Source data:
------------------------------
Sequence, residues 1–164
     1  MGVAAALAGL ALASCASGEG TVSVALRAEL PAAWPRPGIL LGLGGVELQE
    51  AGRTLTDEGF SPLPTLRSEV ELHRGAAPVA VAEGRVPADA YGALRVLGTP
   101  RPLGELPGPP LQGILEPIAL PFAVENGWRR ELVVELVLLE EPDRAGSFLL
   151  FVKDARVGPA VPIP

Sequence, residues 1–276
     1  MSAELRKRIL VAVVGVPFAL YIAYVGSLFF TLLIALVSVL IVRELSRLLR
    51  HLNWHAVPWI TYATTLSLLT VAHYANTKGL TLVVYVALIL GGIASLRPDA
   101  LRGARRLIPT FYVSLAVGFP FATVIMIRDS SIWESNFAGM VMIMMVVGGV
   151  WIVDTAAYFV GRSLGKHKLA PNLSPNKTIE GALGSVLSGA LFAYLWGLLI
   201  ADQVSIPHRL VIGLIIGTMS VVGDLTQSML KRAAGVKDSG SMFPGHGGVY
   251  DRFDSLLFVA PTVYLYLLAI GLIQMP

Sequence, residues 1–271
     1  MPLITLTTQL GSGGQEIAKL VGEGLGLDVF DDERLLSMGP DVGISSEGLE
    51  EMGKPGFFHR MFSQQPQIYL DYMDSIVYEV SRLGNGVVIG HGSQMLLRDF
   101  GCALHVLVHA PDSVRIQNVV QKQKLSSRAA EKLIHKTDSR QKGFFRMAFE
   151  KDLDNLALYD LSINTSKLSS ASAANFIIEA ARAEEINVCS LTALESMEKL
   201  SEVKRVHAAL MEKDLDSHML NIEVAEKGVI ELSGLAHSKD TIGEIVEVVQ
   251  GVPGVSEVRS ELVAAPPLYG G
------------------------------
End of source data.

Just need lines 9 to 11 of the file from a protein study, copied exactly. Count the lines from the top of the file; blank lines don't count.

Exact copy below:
   101  LRGARRLIPT FYVSLAVGFP FATVIMIRDS SIWESNFAGM VMIMMVVGGV
   151  WIVDTAAYFV GRSLGKHKLA PNLSPNKTIE GALGSVLSGA LFAYLWGLLI
   201  ADQVSIPHRL VIGLIIGTMS VVGDLTQSML KRAAGVKDSG SMFPGHGGVY